By Rogelio Richards Douglas
News Americas, NEW YORK, NY, Fri. April 3, 2020: Life changing incidents call for immediate crisis response, when survival actions solely focus on keeping the water below our nostrils during very difficult times.
For sustainable long-term growth, however, just as important is determining current weaknesses and restructuring a more resilient society than before.
The novel COVID-19 virus has created pretty much a global socio-economic paralysis. Borders closing, international flights down to a trickle, cruise tours suspended indefinitely, major sports events, hotels, restaurants, clubs and bars are frozen, all except for the sale of basic food and medication. This economic and social collapse is now expected to last several more months until the rate of contagion has peaked and recovery begins.
Most, if not all countries in the Americas experiencing this crisis have pretty much brought their economic systems to a halt and are settling their citizens into a never-before restricted indoor minimal survival lifestyle. Accepting the reality of coming months, we are left with outlasting this social and economic downturn with high spirits, hopes and expectations that recovery will be gradual with an eventual normality in the distant future.
A critical question becomes – do we simply want to get back to the way things were six months ago before this crisis or is this a good time to search for a much brighter future?
Crisis response tends to address the immediate needs for personal, government and organizational survival. In parallel, on another level effective crisis management should analyze profoundly how to adapt the economic system with a goal of making it even more resilient to future incidents.
In one of the most stable economies in the Americas, frequently recognized for its economic success over the recent decades, more than 20% of its population still lives below or at poverty levels (with some form of government assistance) and the following 30% or so survives off the grid, that is not on a payroll.
Positively one can say less than one half the population is credited with most if not all the country´s GDP. In another country the extreme case might be the three richest citizens control 10% of the GDP. In several others, the service sector dominates the GDP with over 60%. Examples of imbalance are plentiful.
These scenarios have been developing for decades, yet the COVID-19 crisis may have created what can be considered an ideal opportunity for leaders to step back, analyze and plan how best to restructure unsustainable economic systems.
Critical sustainable economic development factors to be analyzed may include:
- Markets — Broaden economic ties across continents, politically as well as economically.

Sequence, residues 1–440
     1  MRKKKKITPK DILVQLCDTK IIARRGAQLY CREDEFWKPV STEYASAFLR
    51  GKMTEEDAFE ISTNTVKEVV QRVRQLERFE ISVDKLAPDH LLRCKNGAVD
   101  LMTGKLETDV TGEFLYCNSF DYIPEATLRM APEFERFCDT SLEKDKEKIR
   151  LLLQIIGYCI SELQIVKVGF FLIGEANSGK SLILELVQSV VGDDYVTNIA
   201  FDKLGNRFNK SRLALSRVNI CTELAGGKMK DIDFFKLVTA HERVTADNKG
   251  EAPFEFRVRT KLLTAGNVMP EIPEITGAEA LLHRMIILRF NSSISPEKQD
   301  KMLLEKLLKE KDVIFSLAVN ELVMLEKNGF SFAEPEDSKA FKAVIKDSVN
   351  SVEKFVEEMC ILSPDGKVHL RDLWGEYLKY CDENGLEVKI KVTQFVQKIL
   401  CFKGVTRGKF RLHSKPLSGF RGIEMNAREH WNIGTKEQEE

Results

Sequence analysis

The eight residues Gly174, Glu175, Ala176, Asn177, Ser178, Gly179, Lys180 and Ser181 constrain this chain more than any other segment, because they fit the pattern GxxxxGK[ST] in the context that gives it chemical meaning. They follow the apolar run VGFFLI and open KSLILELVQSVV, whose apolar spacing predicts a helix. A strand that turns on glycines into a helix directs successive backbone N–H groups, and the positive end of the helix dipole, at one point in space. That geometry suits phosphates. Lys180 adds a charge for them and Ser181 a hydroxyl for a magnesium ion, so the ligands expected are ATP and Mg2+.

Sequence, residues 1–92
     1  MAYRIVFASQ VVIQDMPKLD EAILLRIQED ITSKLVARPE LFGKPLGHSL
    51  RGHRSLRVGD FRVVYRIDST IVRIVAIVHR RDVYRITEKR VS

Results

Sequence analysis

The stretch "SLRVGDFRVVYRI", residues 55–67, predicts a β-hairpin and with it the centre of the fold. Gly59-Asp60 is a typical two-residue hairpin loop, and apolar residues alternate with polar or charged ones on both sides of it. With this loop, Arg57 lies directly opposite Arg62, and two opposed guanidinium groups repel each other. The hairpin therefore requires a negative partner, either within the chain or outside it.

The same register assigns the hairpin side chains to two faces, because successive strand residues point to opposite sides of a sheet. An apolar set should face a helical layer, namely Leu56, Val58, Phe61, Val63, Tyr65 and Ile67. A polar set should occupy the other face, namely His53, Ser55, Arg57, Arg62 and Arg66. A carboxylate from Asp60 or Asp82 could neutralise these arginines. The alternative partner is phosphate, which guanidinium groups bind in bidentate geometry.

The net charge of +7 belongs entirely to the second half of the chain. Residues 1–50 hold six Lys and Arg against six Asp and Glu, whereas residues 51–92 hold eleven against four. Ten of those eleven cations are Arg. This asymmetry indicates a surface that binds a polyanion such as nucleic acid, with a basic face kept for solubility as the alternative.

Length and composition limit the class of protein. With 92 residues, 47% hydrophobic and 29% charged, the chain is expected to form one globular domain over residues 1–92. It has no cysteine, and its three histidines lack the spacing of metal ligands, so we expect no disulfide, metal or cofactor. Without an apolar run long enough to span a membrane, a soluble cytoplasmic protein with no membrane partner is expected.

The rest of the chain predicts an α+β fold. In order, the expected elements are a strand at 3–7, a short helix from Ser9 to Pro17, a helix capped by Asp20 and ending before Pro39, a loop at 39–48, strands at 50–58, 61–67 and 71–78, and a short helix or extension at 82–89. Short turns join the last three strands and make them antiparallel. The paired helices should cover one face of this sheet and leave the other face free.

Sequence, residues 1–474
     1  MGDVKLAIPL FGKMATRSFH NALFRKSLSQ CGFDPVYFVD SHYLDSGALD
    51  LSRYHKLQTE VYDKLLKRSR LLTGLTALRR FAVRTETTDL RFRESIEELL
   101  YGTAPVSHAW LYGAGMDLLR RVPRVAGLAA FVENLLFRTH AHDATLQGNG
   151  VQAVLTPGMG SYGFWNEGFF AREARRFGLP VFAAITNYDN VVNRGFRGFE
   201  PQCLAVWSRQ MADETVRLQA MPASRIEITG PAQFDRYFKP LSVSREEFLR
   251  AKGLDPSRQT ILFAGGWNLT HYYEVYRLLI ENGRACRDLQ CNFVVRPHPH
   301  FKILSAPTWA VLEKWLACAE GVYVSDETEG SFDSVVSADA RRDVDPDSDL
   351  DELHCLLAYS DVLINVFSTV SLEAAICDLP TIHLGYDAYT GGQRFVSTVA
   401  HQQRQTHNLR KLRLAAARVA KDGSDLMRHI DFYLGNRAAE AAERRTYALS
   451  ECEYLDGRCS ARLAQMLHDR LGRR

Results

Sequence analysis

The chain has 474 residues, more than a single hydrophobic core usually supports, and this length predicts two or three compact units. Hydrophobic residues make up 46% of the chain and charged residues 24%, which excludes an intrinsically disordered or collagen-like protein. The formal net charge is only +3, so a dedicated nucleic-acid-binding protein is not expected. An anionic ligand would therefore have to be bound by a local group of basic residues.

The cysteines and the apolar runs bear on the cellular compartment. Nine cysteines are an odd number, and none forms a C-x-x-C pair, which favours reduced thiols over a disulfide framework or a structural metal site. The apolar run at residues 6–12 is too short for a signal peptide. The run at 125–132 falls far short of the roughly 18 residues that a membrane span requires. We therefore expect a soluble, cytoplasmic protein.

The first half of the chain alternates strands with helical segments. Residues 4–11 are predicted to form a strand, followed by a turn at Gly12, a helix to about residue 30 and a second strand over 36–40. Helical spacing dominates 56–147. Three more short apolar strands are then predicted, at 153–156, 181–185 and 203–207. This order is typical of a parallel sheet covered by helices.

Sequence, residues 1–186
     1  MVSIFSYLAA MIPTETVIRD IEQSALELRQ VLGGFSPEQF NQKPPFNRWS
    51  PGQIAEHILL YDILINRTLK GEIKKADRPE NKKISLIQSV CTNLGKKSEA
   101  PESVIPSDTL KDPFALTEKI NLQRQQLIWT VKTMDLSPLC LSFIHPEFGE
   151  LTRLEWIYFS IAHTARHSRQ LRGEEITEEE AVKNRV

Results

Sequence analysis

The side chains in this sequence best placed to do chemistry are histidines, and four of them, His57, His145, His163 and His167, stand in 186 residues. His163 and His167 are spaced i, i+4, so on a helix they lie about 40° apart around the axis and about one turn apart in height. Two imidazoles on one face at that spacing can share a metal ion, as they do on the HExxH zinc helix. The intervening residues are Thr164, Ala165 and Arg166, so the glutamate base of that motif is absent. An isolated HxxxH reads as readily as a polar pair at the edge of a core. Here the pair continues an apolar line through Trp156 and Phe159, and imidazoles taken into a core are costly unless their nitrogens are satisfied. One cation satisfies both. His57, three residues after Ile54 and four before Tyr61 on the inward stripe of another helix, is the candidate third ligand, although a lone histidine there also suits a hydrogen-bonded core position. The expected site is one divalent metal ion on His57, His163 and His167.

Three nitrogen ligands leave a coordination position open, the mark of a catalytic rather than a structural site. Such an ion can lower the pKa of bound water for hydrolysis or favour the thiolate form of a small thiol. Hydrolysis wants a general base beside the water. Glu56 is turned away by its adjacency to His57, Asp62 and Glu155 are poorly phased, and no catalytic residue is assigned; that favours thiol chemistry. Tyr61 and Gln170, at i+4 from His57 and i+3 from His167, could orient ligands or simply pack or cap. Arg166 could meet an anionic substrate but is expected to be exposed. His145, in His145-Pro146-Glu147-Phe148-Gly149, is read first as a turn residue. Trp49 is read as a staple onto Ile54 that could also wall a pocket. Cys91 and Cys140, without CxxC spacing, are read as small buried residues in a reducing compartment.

- Industries — Incentivize internal development of new sectors: entrepreneurship, emerging technologies, environmental science, across the four corners of the country.
- Inclusion — Invest in the productivity of the bottom half of the population for a more powerful local economic engine with all hands contributing to the GDP.
- Sourcing — Upgrade supply chains with multiple sources both local and foreign.
While low hanging profitable sectors may attract more support leading to faster short-term growth, overdependence creates environments with weaknesses of single points of failure within the normal cycle of economic ups and downs. Investing in building complementary sectors, thus balancing the ratio of sector participation, adds resiliency which can better withstand inevitable downtowns, natural or human caused.
Instead of simply riding out the COVID-19 crisis waiting for the return of normality, leaders of the Americas should take advantage of this down-time to analyze, restructure and begin to rebuild a much more inclusive and sustainable economic system with the resiliency to withstand many more crises.
Maybe one silver lining in the COVID-19 crisis is that it clearly exposed the need for creativity and foresight in executing strategic plans for adaptable economic systems to sustain long-term growth.
Recently when asked who is to blame one economist said, “In a democratic society we the people are to blame for placing too much expectation on our leaders.”
Within the stormy clouds of every crisis there are always rays of lights illuminating the road to a better future.
Editor’s Note: Rogelio Douglas, Sr., Founder & CEO, Caribbean Sustainable Development Group, Limon, Costa Rica, is a retired international executive who can be reached at firstname.lastname@example.org, http://www.csdgcr.com